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subjectBiological Evolution ; DNA ; Evolution ; Evolutionary biology ; Evolutionary genetics ; Gene flow ; Genes ; Genetic research ; Genetics ; Genetics, Medical ; Geography ; Haplotypes ; Human evolution ; Human genetics ; Humans ; Hypotheses ; Mitochondrial DNA ; mitochondrial Eve ; Modeling ; multiregional model ; nested clade analysis ; Null hypothesis ; out-of-Africa replacement ; Pedigree ; Perspective ; Phylogeny ; phylogeography ; Population genetics
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abstractStarting with “mitochondrial Eve” in 1987, genetics has played an increasingly important role in studies of the last two million years of human evolution. It initially appeared that genetic data resolved the basic models of recent human evolution in favor of the “out-of-Africa replacement” hypothesis in which anatomically modern humans evolved in Africa about 150,000 years ago, started to spread throughout the world about 100,000 years ago, and subsequently drove to complete genetic extinction (replacement) all other human populations in Eurasia. Unfortunately, many of the genetic studies on recent human evolution have suffered from scientific flaws, including misrepresenting the models of recent human evolution, focusing upon hypothesis compatibility rather than hypothesis testing, committing the ecological fallacy, and failing to consider a broader array of alternative hypotheses. Once these flaws are corrected, there is actually little genetic support for the out-of-Africa replacement hypothesis. Indeed, when genetic data are used in a hypothesis-testing framework, the out-of-Africa replacement hypothesis is strongly rejected. The model of recent human evolution that emerges from a statistical hypothesis-testing framework does not correspond to any of the traditional models of human evolution, but it is compatible with fossil and archaeological data. These studies also reveal that any one gene or DNA region captures only a small part of human evolutionary history, so multilocus studies are essential. As more and more loci became available, genetics will undoubtedly offer additional insights and resolutions of human evolution.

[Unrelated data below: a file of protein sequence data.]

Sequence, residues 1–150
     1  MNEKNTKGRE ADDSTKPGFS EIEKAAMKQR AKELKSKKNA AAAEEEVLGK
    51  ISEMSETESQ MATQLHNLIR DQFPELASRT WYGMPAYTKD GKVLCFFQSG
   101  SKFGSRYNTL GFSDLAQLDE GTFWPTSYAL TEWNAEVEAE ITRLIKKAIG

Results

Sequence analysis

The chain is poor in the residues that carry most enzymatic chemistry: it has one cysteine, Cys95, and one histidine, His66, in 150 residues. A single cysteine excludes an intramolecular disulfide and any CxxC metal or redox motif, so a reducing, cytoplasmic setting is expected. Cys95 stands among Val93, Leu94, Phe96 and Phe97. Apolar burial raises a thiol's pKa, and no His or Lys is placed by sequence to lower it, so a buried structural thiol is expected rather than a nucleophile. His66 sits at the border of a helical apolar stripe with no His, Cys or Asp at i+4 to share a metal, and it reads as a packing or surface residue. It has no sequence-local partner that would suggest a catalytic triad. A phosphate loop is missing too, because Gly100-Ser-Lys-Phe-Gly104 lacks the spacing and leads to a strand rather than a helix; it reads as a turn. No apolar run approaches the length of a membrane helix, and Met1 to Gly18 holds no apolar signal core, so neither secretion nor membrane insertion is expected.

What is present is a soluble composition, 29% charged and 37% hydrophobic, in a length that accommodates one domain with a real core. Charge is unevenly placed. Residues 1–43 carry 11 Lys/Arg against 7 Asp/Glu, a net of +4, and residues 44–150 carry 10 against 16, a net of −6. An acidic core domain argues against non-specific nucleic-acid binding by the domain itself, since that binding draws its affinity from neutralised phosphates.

copMalden, USA
pubBlackwell Science Inc
pmid17598736
doi10.1111/j.1558-5646.2007.00164.x
tpages13
editionReceived January 12, 2007Accepted April 19, 2007